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Technique My Way: Julia Burrer

By Elena Hecht


Open mind, healthy body

 

 

Julia Burrer (center) in Doug Varone’s Carrugi (2012). Photo by Cylla von Tiedemann, Courtesy Doug Varone and Dancers.


Julia Burrer flows like water onstage. In Doug Varone’s Lux, her limbs slice and caress the space, her lanky 6' 1" frame reaching the corners of the stage even as she drops to a roll in one breathtaking movement. Burrer makes one wonder how arms could seem so supple, graceful, and powerful all at once. The 29-year-old Austin, Texas, native often talks about dancing like writing in cursive—an image which resonates after watching her fluid script of movement. Dance Magazine spoke to Burrer, a member of Doug Varone and Dancers since 2007, about warming up, eating right, and listening to your body. 

 

Taking It One Day at a Time

With eight hours of sleep and a solid breakfast under her belt, Burrer heads to the 92nd Street Y studios for rehearsal with Varone, typically four days a week from 10 to 4. She likes to arrive at least 45 minutes early to warm up. “I check in with myself and see if I’m focused and present,” she says. While she might start with yoga, gentle improvisation, or floor work, her routine consistently includes a mix of what she describes as “adapted Pilates, physical therapy exercises, and things that I’ve learned from other teachers and changed the recipe to make my own.” She articulates her pelvis, engages her core, and uses spirals to wake up her spine. “Our rehearsals sometimes start with a full run of a piece,” she says, “so you have to get your heart rate up and get a little sweaty beforehand.”

 

Being Prepared

In a city filled with constant movement, Burrer has learned to think ahead about nourishment. Rehearsals don’t often leave time for a leisurely lunch, so she packs smaller, protein-filled snacks, like nuts, Greek yogurt, and fruit. Dinners fill in the food-groups that are often missed during the day, like greens and meat, and sushi is often Burrer’s go-to meal before performances. It’s light, so “you don’t feel overfull,” she says. 

 

Learning Through Pain

Having dealt with a bulging disc in her lower back for the past few years, Burrer recognizes that with age comes wisdom. “As a younger dancer, all you want to do is dance your heart out. You put your body through crazy things. You ask a lot of it but don’t give much back,” she says. “As you get older, your body isn’t able to keep up.”

 

When Burrer first felt the signs of her injury, she thought she had simply pulled a muscle. But when mere sneezes started to bring on a sharp, stabbing pain, she realized the problem was more serious. She visited a host of doctors and bodywork specialists, each of whom attributed her pain to something different. So Burrer took control of the situation, choosing elements from each consultant and finding ways to incorporate them into her warm-up. Particularly helpful have been a spine-spiraling PT exercise she uses both before and after dancing (see sidebar), and rolling out with balls. She also thinks constantly about her posture, especially in non-dance moments.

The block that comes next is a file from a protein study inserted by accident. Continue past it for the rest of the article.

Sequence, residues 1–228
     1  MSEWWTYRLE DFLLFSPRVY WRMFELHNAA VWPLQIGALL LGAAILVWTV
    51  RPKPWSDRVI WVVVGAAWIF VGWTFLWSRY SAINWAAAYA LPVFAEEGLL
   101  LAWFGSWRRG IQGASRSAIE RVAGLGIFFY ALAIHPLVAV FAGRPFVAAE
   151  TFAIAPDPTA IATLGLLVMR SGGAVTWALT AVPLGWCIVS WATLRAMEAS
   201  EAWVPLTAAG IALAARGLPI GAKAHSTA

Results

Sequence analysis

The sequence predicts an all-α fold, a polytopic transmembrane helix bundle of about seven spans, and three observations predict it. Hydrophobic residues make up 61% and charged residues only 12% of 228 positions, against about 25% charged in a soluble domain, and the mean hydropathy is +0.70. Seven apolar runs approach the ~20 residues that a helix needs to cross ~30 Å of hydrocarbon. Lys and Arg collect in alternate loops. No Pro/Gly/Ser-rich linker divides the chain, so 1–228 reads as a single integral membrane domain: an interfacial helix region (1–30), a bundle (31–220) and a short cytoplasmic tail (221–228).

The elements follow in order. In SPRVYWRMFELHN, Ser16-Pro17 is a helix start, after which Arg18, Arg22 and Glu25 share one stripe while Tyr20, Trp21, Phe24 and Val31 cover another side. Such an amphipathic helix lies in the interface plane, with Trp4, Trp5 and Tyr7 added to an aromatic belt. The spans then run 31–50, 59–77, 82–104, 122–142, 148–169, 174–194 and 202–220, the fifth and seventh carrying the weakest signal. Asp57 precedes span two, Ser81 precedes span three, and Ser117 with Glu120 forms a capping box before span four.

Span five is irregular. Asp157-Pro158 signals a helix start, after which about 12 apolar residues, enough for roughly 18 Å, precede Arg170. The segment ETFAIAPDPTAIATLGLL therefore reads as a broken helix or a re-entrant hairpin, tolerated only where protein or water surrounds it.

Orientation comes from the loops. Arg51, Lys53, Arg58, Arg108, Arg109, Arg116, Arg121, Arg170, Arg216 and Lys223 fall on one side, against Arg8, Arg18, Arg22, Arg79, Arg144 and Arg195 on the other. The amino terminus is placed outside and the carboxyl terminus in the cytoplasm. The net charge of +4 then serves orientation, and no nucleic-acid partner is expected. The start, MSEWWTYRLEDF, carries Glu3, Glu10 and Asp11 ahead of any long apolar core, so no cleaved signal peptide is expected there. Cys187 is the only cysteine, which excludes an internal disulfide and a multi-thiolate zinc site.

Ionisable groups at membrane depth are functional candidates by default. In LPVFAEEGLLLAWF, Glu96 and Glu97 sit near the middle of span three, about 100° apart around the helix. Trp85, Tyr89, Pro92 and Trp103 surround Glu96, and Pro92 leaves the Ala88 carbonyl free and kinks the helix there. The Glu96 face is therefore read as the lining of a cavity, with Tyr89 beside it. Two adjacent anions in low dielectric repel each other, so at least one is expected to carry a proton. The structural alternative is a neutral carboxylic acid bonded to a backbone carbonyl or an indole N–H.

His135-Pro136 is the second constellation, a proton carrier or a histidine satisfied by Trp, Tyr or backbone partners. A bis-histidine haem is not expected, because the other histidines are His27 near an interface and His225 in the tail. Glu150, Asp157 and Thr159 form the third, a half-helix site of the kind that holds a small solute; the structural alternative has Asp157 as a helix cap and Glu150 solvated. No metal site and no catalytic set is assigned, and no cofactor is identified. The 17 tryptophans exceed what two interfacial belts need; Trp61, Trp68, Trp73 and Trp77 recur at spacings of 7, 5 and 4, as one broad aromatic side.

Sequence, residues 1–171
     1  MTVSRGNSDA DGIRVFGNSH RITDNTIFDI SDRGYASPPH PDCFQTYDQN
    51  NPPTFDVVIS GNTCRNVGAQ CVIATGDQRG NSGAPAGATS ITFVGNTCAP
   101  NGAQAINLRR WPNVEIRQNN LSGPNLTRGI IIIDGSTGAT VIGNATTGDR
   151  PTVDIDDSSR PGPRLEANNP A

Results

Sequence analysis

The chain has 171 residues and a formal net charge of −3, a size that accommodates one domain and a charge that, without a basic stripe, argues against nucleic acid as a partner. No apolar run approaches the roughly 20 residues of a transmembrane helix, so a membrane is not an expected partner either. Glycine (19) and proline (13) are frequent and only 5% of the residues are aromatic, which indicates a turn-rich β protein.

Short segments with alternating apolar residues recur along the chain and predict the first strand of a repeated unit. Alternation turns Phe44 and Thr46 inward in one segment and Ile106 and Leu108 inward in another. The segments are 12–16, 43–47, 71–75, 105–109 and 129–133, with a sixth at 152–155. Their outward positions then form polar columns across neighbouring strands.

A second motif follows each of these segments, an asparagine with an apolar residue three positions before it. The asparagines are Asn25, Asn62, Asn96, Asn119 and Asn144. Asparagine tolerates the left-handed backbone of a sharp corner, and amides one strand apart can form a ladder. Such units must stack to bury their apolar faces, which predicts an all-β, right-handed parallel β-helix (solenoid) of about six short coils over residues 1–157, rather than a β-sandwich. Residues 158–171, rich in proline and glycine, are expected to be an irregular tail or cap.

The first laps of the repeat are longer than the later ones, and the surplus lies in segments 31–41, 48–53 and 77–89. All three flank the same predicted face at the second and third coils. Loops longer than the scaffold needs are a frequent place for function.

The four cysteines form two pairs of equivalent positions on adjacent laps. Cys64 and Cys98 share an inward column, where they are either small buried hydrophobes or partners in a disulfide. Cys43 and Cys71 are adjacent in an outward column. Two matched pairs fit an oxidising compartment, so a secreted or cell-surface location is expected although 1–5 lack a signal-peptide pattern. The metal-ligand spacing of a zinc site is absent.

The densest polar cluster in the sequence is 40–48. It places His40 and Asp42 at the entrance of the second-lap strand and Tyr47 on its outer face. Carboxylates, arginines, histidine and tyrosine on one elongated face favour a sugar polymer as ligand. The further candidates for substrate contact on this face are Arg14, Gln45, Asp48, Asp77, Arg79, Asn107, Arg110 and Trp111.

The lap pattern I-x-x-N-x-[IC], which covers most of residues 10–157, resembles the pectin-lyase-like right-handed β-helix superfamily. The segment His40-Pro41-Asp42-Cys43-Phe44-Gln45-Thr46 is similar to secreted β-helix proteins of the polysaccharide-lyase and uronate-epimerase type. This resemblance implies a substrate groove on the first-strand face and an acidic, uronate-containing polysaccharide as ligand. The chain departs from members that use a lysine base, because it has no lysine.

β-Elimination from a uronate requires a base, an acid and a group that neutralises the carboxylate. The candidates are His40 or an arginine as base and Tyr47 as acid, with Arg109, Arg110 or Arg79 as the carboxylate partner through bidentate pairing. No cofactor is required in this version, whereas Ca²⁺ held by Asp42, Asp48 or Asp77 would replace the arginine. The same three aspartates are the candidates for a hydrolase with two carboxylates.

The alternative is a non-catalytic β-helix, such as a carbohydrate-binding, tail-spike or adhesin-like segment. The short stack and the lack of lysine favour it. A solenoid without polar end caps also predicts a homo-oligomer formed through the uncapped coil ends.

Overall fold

Yoga practice has become integral to Burrer’s total mind-body maintenance, whereas she tends to save trips to the gym and other dance classes for lighter rehearsal periods or breaks. “It’s all about balance,” she says. “Being focused on my body during rehearsal is great, but there’s also the whole rest of my life that I want to participate in.” 

 

Elena Hecht is a dancer and writer based in NYC.

 

 

Spiraling

To help find a sense of freedom and expansiveness in the upper body, Burrer recommends the following exercise:

 

Lie on your left side, legs bent at 90-degree angles at your hips and knees. Rest your arms on the floor, parallel to your upper legs. Your right arm is on top of your left.

 

Reach forward with your right fingertips, sliding your right arm out along the floor as far as it will go. 

 

Pull your right shoulder blade back towards the floor, letting your right palm slide up your left arm. Feel a slight sense of opposition through your torso—your upper back twists away from your left side. 

 

Repeat that twisting sequence four times, reaching your right hand forward and pulling back from your shoulder. 

 

Reach forward to begin a fifth set, but this time let your fingertips arc overhead, drawing a semicircle on the floor. Let your chest open, and as the right arm finds its place open and across from the left, turn your head to the right side, away from your knees. You should feel a deeper sense of opposition and spiral. 

 

Take a few breaths. Enjoy the stretch.

 

Reverse the semicircle with your right fingertips, closing your body back to the left side. 

 

Repeat this sequence four times, then start from the beginning on your right side.

 

«Studio Notes
On the Rise: Jacqueline Green»
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